There has been ample video footage in the media lately of protests gone awry; protesters clashing with police or counter-protesters. Images of cities burning and masked vigilantes roaming the street, frightening peaceful citizens. But a recent report find that these images, unsurprisingly, don’t represent the overwhelming majority of Black Lives Matter protests. A new report finds that 93% of the protests have remained peaceful, despite media imagery to the contrary.
Images of violence
By now, we’ve all seen them. Images designed to strike fear in the heart. Carefully picked out of context to make the viewer uneasy or scared, with sensationalist headlines that cry things like, “Rioters burning cities to the ground!” and “Protests turns deadly as violence erupts and unrest spreads across the country!” By watching the headlines, one would assume that the Black Lives Matter protests have become a source of civil unrest in major American cities, and that people should be fearfully preparing for the next night of violence.
While it is certainly true that some protests have turned violent, and these images and stories are coming from somewhere, there’s a much larger picture being missed if you focus on the headline grabbing, dramatic stories of violence. Most Black Lives Matter protests have remained peaceful. They are respectful of local ordinances and interacting tensely but peacefully with police.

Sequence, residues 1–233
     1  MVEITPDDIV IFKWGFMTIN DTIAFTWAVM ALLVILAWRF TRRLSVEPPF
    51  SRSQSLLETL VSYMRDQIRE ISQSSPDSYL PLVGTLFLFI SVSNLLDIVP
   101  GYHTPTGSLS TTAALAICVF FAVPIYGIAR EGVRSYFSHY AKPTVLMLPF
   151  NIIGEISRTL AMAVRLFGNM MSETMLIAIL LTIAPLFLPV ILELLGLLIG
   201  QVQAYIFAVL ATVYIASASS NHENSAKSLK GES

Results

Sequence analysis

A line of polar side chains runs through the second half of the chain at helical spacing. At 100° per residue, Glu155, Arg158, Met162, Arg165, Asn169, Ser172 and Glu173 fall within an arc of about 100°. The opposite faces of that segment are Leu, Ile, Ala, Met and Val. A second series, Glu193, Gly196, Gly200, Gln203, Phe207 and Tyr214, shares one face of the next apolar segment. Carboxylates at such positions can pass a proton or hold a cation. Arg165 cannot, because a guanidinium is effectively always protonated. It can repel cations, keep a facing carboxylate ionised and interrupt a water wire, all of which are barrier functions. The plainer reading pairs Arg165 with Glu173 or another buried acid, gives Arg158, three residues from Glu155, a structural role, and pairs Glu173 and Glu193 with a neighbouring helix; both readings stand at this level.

Who compiled the report, and what does it say?
The report is the result of the Armed Conflict Location & Event Data Project (ACLED) analyzing over 7,750 Black Lives Matter protests in all 50 states and Washington D.C. between May 26 and August 22. The ACLED website states, “The Armed Conflict Location & Event Data Project (ACLED) is a disaggregated data collection, analysis, and crisis mapping project. ACLED collects the dates, actors, locations, fatalities, and types of all reported political violence and protest events across Africa, East Asia, South Asia, Southeast Asia, the Middle East, Central Asia and the Caucasus, Latin America and the Caribbean, and Southeastern and Eastern Europe and the Balkans. The ACLED team conducts analysis to describe, explore, and test conflict scenarios, and makes both data and analysis open for free use by the public.”
According to Time, “[The ACLED] report states that more than 2,400 locations reported peaceful protests, while fewer than 220 reported ‘violent demonstrations.’ The authors define violent demonstrations as including ‘acts targeting other individuals, property, businesses, other rioting groups or armed actors.’ Their definition includes anything from ‘fighting back against police’ to vandalism, property destruction looting, road-blocking using barricades, burning tires or other materials. In cities where protests did turn violent—these demonstrations are ‘largely confined to specific blocks,’ the report says.
The ACLED report includes protests toppling statues of ‘colonial figures, slave owners and Confederate leaders’ as violent incidents. ‘Since Floyd’s killing, there have been at least 38 incidents in which demonstrators have significantly damaged or torn down memorials around the country,’ the report states.”
What does the report say about how media representation has shaped public opinion?